Now, if we look at the figure, we shall see how beautifully all this truth is shadowed forth. God did not impute the righteousness of Noah to the old world, to men in the flesh. The end of all flesh was come. God had no purpose of saving it, but of destroying it. The terrible waters of judgment roared over the earth, But those very waters of death that destroyed all beneath them, bore in safety on their bosom this representative man, and those that were saved with him; only we must bear in mind that this is a figure of death and resurrection. "The like figure whereunto even baptism doth also now save us, (not the putting away of the filth of the flesh, but the answer of a good conscience towards God,) by the resurrection of Jesus Christ; who is gone into heaven, and is on the right hand of God; angels and authorities and powers being made subject unto him." (1 Peter 3:21, 22.) In this scripture, the deluge and baptism are put side by side, as like figures; both showing that true salvation is on the principle of death to the flesh, and new position and life, in resurrection. Noah was taken from among the dead and placed on Ararat: Christ was taken from among the dead and is gone into heaven. All perished outside the ark: all must perish outside Christ. It did not matter how near a person was to the ark, he was either shut in or shut out. He might have helped to fell the trees or even build the ark, but when once the door was shut he was shut out. It was in vain to cry, Noah! Noah! open unto us. We know it will shortly be so again. The door will soon be shut. No matter how near you may be, "almost in" will not do. Do not say, I am almost a Christian, and therefore I hope to be saved. You may be a Sunday-school teacher, ah, a preacher, but has God shut you in the only ark of safety? It says, "And the Lord shut him in." The Lord never needs to do His work twice. When Noah was once shut in, he was as safe as at the moment when he stepped out on Mount Ararat. If in Christ you cannot be lost; if out of Him when the door is shut you cannot be saved. There was no salvation outside this resurrection ark. There is no salvation outside the risen Christ. If Christ be not risen, our preaching is utterly false and vain. If the ark had not risen and floated above the waters, it would have been of no use whatever — it would (if it had remained under the waters) have been a huge coffin. Now, our blessed Jesus did sink down to the lowest depths, He died the Just for the unjust. The dark waters of judgment passed over His soul. He died for our sins and was buried. But if He had remained under death, then all would have died with Him and perished for ever; His death would have been in vain, of no use, like the ark sunk beneath the waters of the deluge. But He rose again for our justification; and thus the ark floating in safety to Ararat is a true figure of the risen Christ.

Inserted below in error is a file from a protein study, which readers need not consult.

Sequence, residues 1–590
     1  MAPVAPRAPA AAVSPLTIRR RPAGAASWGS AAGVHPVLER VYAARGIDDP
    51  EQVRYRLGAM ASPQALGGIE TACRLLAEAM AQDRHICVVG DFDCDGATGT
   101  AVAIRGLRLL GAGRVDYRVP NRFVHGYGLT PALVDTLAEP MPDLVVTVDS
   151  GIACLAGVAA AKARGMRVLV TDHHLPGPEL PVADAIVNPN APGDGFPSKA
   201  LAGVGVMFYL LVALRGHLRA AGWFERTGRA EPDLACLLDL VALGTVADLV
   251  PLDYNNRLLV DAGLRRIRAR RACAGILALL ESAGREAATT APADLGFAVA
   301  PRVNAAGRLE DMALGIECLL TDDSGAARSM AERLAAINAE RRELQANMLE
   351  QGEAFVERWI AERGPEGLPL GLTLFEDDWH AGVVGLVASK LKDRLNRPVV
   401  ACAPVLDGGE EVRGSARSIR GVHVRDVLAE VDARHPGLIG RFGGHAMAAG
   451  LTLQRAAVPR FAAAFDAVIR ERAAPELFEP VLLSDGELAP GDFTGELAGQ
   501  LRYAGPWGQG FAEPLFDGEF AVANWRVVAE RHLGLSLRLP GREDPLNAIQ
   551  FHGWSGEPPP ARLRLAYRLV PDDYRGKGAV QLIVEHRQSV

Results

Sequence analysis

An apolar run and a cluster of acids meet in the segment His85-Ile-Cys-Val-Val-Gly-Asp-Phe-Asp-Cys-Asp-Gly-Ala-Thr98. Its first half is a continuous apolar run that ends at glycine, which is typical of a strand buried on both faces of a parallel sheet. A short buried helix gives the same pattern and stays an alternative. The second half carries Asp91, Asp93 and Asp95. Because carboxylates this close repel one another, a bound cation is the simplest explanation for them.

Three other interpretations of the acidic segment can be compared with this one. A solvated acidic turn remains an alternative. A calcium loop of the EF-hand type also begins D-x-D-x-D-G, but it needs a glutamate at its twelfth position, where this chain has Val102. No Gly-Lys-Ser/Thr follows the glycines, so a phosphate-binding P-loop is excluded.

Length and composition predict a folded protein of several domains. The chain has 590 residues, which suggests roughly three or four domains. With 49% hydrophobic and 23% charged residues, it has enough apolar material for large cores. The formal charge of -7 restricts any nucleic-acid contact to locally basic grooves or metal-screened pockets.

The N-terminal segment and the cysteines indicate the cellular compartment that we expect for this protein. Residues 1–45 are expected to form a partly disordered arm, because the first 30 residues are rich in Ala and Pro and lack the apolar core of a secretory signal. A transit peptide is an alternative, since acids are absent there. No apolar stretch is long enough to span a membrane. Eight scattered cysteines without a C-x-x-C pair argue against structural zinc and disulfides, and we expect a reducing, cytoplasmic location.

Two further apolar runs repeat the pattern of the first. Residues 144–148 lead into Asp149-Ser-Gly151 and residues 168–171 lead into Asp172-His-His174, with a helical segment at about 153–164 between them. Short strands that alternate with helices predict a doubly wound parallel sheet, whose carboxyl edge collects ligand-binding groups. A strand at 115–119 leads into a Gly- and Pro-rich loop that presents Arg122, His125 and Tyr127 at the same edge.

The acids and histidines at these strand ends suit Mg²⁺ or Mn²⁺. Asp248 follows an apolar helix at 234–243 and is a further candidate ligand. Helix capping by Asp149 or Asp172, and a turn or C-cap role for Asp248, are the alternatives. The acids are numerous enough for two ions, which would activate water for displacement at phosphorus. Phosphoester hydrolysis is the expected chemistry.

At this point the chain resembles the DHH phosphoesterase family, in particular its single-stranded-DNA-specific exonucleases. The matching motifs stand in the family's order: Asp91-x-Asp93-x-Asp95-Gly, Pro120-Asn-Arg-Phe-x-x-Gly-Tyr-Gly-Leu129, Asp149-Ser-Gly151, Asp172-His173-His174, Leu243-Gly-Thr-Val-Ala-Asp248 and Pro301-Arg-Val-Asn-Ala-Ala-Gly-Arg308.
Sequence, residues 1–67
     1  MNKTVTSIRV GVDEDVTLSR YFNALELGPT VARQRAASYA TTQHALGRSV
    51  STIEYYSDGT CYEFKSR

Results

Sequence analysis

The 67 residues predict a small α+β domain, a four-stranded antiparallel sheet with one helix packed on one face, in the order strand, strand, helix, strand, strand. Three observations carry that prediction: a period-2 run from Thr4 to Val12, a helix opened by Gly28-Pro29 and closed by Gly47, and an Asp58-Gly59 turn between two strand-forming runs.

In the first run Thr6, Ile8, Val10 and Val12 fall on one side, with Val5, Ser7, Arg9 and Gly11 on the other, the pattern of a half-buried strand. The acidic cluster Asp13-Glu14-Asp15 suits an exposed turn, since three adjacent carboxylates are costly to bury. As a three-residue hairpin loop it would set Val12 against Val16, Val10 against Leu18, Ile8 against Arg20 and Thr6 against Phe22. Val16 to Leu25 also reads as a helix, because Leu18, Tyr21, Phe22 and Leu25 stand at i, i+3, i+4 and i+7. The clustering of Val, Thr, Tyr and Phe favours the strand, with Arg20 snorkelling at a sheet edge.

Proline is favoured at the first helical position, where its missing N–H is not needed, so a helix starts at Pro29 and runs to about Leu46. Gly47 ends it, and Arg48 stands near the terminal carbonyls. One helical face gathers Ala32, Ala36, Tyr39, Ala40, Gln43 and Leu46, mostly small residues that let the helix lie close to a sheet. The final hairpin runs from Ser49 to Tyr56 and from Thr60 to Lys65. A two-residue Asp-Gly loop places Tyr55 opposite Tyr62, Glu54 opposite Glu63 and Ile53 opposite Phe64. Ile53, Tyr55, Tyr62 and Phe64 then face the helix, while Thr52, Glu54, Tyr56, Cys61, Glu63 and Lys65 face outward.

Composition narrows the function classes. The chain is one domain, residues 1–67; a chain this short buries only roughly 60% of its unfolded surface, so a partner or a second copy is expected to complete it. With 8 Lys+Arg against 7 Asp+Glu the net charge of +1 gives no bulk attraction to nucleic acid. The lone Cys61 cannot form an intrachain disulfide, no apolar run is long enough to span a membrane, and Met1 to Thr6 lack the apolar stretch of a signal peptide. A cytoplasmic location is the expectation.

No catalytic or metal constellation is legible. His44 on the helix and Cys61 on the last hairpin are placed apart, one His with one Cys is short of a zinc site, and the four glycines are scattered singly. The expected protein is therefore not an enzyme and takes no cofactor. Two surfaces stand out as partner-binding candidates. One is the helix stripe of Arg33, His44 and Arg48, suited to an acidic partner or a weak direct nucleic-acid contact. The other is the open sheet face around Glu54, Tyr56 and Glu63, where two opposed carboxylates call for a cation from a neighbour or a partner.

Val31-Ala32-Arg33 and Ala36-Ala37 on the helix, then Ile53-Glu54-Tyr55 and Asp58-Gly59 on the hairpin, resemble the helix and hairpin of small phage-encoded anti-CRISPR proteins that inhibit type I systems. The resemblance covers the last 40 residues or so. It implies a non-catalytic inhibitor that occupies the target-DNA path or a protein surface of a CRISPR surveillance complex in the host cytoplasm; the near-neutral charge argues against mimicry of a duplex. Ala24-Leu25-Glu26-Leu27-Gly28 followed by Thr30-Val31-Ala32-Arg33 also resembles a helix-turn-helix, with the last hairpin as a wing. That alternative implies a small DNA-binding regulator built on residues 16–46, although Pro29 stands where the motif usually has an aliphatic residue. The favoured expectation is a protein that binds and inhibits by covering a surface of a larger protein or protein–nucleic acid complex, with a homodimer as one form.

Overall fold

Now we find, I repeat, God did not propose to save man in the flesh. All that breathed in the old world were destroyed, and Noah only remained, and those who were with him in the ark. Is not this exactly what baptism teaches? Why is the believer baptized? Is it not to show, that as a man in the flesh he is now dead, and therefore buried in water; and henceforth not to reckon himself any more alive in the flesh, but dead. True, if this were all there would be no use in it; but he is also risen with Christ. The believer's old world has perished beneath the waters of judgment, and his new world has begun on his heavenly Ararat. Nothing could be more clear than the harmony of the two figures — baptism and the deluge.
The old world perished. The new world began where the ark rested, upon the mountains of Ararat. God did not save the old world by Noah; old things passed away and all became new. It is so in Christ, old things passed away, and all things became new; and all things of God. Only let us not overlook one divine contrast. Failure soon came in with Noah, the head of his new world. There can be no failure in Christ, the Head of the new-creation.